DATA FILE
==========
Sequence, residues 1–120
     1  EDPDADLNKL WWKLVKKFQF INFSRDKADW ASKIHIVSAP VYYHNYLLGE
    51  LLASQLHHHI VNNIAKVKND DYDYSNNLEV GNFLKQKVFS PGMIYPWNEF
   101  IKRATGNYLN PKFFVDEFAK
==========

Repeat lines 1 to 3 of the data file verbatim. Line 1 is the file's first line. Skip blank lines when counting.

Sequence, residues 1–120
     1  EDPDADLNKL WWKLVKKFQF INFSRDKADW ASKIHIVSAP VYYHNYLLGE
    51  LLASQLHHHI VNNIAKVKND DYDYSNNLEV GNFLKQKVFS PGMIYPWNEF